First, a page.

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Observations on the BARBEL, and Directions how to fish for him.
Piscator. The Barbel is so called, says Gesner, by reason of his barb or wattles at his mouth, which are under his nose or chap3. He is one of those leathermouthed fishes that I told
seldom break his hold if he be once hook’d: but he is so strong, that he will often break both rod and line, if he proves to be a big one.
But the Barbel, though he be of a fine shape, and looks big, yet he is not accounted the best fish to eat, neither for his wholesomeness nor his taste; but the male is reputed much better than the female, whose spawn is very hurtful, as I will presently declare to you.
They flock together like sheep, and are at the worst in April, about which time they spawn; but quickly grow to be in season. He is able to live in the strongest swifts of the water: and, in summer, they love the shallowest and sharpest streams; and love to lurk under weeds, and to feed on gravel, against a rising ground; and will root and dig in the sands with his nose like a hog, and there nests himself: yet sometimes he retires to deep and swift bridges, or flood-gates, or weirs; where he will nest himself amongst piles, or in hollow places; and take such hold of moss or weeds, that be the water never so swift, it is not able to force him from the place that he contends for. This is his constant custom in summer, when he and most living creatures sport themselves in the sun: but at the approach of winter, then he forsakes the swift streams and shallow waters, and, by degrees, retires to those parts of the river that are quiet and deeper ; in which places, and I think about that time he
spawns; and, as I have formerly told you, with the help of the melter, hides his spawn or eggs in holes, which they both dig in the gravel: and then they mutually labour to cover it with the same sand, to prevent it from being devoured by other fish.
There be such store of this fish in the river Danube, that Rondeletius says they may, in some places of it, and in some months of the year, be taken, by those who dwell near to the river, with their hands, eight or ten load at a time. He says, they begin to be good in May, and that they cease to be so in August: but it is found to be otherwise in this nation.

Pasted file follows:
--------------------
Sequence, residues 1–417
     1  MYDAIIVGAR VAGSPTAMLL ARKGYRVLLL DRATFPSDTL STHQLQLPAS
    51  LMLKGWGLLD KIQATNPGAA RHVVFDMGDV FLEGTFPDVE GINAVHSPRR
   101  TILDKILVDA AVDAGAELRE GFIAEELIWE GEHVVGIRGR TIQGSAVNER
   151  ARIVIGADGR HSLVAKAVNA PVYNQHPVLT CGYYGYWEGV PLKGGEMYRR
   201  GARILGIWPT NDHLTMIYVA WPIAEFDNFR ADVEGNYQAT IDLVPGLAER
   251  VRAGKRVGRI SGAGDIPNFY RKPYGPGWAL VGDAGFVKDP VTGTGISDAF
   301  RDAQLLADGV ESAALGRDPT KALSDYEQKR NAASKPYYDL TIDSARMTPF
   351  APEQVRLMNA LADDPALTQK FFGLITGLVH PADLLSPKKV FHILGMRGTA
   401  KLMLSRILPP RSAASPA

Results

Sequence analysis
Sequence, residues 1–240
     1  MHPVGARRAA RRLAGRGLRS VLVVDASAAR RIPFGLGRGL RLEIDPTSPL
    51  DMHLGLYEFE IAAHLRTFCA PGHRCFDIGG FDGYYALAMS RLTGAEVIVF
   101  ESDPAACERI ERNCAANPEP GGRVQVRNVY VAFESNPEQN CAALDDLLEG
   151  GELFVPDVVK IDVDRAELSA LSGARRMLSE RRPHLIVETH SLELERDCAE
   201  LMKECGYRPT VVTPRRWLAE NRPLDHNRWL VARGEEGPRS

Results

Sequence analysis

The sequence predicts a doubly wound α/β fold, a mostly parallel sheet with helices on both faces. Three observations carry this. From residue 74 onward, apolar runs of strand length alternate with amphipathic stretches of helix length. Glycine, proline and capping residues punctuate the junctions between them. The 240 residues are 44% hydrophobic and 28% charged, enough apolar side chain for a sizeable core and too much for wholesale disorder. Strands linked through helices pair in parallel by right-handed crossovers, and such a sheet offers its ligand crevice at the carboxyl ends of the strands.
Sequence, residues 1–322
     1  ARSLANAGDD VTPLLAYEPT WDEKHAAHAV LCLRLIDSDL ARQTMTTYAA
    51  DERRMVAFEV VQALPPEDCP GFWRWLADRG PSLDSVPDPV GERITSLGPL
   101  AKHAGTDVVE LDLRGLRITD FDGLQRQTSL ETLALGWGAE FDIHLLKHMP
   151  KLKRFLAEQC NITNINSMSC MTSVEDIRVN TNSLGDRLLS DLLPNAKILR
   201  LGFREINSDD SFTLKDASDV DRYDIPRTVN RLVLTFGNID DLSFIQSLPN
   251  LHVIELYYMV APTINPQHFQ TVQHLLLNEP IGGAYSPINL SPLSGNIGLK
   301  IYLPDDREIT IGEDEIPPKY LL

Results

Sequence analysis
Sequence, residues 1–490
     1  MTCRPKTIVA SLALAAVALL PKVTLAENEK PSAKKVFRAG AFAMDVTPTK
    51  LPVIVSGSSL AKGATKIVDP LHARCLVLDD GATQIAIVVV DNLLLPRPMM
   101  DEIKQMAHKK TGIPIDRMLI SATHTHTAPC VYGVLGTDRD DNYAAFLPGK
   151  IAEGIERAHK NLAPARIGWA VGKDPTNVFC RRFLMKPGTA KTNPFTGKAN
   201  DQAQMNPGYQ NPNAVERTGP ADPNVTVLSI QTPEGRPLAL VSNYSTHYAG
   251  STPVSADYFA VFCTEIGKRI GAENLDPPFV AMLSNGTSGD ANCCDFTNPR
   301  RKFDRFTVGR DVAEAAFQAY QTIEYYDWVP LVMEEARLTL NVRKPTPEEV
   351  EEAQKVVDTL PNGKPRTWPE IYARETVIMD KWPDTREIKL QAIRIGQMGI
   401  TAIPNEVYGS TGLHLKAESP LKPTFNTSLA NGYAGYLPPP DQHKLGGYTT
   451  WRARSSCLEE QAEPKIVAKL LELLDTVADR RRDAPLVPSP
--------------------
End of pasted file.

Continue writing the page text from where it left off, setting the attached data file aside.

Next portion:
But thus far we agree with him, that the spawn of a Barbel, if it be not poison, as he says, yet that it is dangerous meat, and especially in the month of May; which is so certain, that Gesner and Gasius declare it had an ill effect upon them, even to the endangering of their lives.
This fish is of a fine cast and handsome shape, with small scales, which are placed after a most exact and curious manner: and, as I told you, may be rather said not to be ill, than to be good meat. The Chub and he have, I think, both lost part of their credit by ill-cookery; they being reputed the worst, or coarsest, of fresh-water fish. But the Barbel affords an angler choice sport, being a lusty and a cunning fish; so lusty and cunning as to endanger the breaking of the angler's line, by running his head forcibly towards any covert, or hole, or bank, and then striking at the line, to break it off, with his tail; as is observed by Plutarch in his book De Industriá Ani
(1) Though the spawn of the Barbel is known to be of a poisonous nature, yet it is often taken by country people medicinally; who find it, at once, a most powerful emetic and cathartic. And, notwithstanding what is said of the wholesomeness of the flesh, with some coostitutions it produces the same effects as the spawn. About the month of September, in the year 1754, a servant of mine, wl.o had eaten part of a Barbel, though, as I had cautioned him, he abstained from the spawn, was seized with such a violent purging and vomiting, as had like to have cost him his life. Hawkins.
malium; and also so cunning, to nibble and suck off your worm close to the hook, and yet avoid the letting the hook come into his mouth.
The Barbel is also curious for his baits; that is to say, that they be clean and sweet; that is to say, to have your worms well scoured, and not kept in sour and musty moss, for he is a curious feeder: but at a wellscoured lob-worm he will bite as boldly as at any bait, and specially if, the night or two before you fish for him, you shall bait the places where you intend to fish for him, with big worms cut into pieces. And note, that none did ever over-bait the place, nor fish too early or too late for a Barbel. And the Barbel will bite also at gentles, which, not being too much scoured, but green, , are a choice bait for him: and so is cheese, which is not to be too hard, but kept a day or two in a wet linen cloth, to make it tough; with this you may also bait the water a day or two before you fish for the Barbel, and be much the likelier to catch store; and if the cheese were laid in clarified honey a short time before, as namely, an hour or two, you were still the likelier to catch fish. Some have directed to cut the cheese into thin pieces, and toast it; and then tie it on the hook with fine silk. And some advise to fish for the Barbel with sheep's tallow and soft cheese, beaten or worked into a paste; and that it is choicely good in August: and I believe it. But, doubtless, the lob-worm well scoured, and the gentle not too much scoured, and cheese ordered as I have directed, are baits enough, and I think will serve in any month : though I shall commend any angler that tries conclusions, and is industrious to improve the art.
honest scholar, the long shower and my tedious discourse are
And now, my
(1) Graves, (which are the sediment of tallow melted for the making of caudles,) cut into pieces, are an excellent ground-bait for Barbel, Gudgeons, Roach, and many other fish, if thrown in the night before you angle.